For the statistical analyses, CSAS was treated as a random sample [14]. Prevalence (P) was computed as (detected cases/population)*(100/sensitivity (%) of the case finding strategy)*100. Coverage was calculated as the number of detected cases who had visited the healthcare provider/total number of detected cases. Capture/recapture was used to estimate the sensitivity of the case finding strategy. The estimated total number of patients (N) was N = {[(M+1)(C+1)]/(R+1)}−1 [15] with M representing the cases detected by central location screening, C the cases detected by the combined active case finding strategy, and R cases that were detected by both strategies. Since it is impossible to have fractions of cases, the estimated value for N was rounded up to the nearest whole number [16],[17]. Sensitivity of the combined case finding strategy was computed as S = C/N.

Qualitative Analysis

Answers to open questions in the questionnaire about health care seeking behaviour were noted word-for-word and coded in a content analysis. Resulting codes were grouped in categories.

Ethical Considerations

Authorization to conduct the survey was granted by the Ministry of Health, Department of Research. Approval from the National Ethical Committee (012/CNE/MP/07) and from the Ethical Committee of MSF was obtained. Informed written consent was asked from all ulcer patients who participated in the survey.

Results

Out of a total population of 103,000 inhabitants, 26,679 lived in the sampled chèferies. A total of 105 BU cases were identified. The age of the cases ranged from 2 to 75 years. The median age for active cases was 15.5 years (Interquartile range (IQR) 11–34 years) and 16 years for patients with sequelae (IQR 13–25). The female/male ratiobwas 0.8 (46/59) for all cases. Of the 105 cases identified, 49 (46.7%) presented with a sequelae and 56 (53.3%) were active cases. A total of 93 cases (88.6%) presented with one lesion and 12 cases (11.4%) with two lesions. The location of the first lesion was predominantly on the legs, 68 cases(64.8%).

Of the 56 active cases, the major or first lesion was an ulcer in 48 cases(85.7%), an oedema in 4 cases(7.1%) and a nodule in 4 cases (7.1%). The median diameter of ulcers was of 4 cm (IQR 2–7 cm) meaning that half of the ulcer cases would have been classified as category 1 or early lesions according to the new WHO categories. The median delay since beginning of the first BU symptoms for active cases was 12 weeks (IQR 3–30).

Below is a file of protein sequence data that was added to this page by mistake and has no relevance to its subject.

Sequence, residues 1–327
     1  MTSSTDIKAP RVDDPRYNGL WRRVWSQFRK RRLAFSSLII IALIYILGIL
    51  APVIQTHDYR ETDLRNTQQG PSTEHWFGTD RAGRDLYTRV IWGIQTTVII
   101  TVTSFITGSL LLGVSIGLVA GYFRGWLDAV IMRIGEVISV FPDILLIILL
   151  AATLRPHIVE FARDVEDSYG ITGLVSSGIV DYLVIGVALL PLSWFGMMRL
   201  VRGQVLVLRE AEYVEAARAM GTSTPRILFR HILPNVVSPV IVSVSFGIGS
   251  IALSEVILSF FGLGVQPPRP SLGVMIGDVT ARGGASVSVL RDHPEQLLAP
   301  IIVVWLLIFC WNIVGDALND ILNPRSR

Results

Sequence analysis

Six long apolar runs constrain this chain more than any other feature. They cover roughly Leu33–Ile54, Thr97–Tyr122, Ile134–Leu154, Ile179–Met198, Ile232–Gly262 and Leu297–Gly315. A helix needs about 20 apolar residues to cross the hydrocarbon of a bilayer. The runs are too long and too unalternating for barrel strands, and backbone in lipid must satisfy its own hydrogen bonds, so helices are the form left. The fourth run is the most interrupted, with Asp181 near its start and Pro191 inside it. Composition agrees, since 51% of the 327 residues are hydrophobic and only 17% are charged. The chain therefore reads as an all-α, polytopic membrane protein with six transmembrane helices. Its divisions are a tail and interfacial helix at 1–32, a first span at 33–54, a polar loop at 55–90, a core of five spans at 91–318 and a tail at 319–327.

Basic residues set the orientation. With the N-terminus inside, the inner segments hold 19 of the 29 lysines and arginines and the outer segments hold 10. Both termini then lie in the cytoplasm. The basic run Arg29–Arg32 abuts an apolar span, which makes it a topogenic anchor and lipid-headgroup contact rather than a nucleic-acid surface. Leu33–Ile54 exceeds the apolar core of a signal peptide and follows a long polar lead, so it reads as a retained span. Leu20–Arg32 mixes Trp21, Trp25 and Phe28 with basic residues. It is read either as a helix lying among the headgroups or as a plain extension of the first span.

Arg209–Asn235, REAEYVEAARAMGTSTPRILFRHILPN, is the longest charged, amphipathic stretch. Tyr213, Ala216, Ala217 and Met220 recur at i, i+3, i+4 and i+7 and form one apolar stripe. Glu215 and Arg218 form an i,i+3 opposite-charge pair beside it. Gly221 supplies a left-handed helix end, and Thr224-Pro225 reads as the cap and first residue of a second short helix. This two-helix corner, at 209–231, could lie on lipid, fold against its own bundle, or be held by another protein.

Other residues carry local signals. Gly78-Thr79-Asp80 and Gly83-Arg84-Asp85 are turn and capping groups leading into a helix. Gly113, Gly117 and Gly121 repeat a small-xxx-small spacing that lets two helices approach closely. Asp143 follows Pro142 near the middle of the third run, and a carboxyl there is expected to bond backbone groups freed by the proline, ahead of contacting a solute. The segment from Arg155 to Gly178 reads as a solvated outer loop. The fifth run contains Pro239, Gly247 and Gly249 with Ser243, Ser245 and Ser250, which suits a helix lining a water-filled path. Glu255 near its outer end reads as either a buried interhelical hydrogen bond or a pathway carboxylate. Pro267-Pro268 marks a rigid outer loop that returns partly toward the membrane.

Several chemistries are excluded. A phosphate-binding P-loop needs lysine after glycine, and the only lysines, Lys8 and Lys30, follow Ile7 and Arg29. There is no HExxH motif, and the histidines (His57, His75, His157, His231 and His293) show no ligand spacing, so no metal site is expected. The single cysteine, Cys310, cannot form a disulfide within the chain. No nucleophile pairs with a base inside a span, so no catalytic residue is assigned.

Prevalence

The overall prevalence of all BU cases was 4.7/1000 (95%CI: 4.1–7.3/1000) and the prevalence for active BU cases was estimated as 2.5/1000 (95%CI: 2.2–3.9/1000). Prevalence estimates per quadrat were categorized as low, middle or high. For active cases, categories were: 0 to 2 cases/1000; >2/1000 to 4 /1000 and >4/1000 to 6/1000 (Figure 1). For all BU cases, categories were: 0 to 3 cases/1000; >3/1000 to 6 /1000; and >6/1000 to 9/1000 inhabitants (Figure 2). The spatial distribution of prevalence estimates per quadrat showed that quadrats with high estimates were predominantly situated along the Nyong and Mfoumou rivers (Figures 1 and 2).

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Figure 1. Map of Akonolinga Health district, prevalence of active BU cases, March 2007.

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Figure 2. Map of Akonolinga Health district, prevalence of all BU cases, March 2007.

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Program Coverage

Of the 105 cases identified, 19 cases had visited Akonolinga Hospital resulting in an estimated coverage for the MSF BU project of 18% (95%CI 11–27%). A total of 23 patients visited the health centre at least once, leading to an estimated coverage of the peripheral MoH health centres of 22% (95%CI 15–31%). A high number of patients (77/105) consulted a traditional healer at least once, yielding a coverage of 73% (95%CI 64–81%).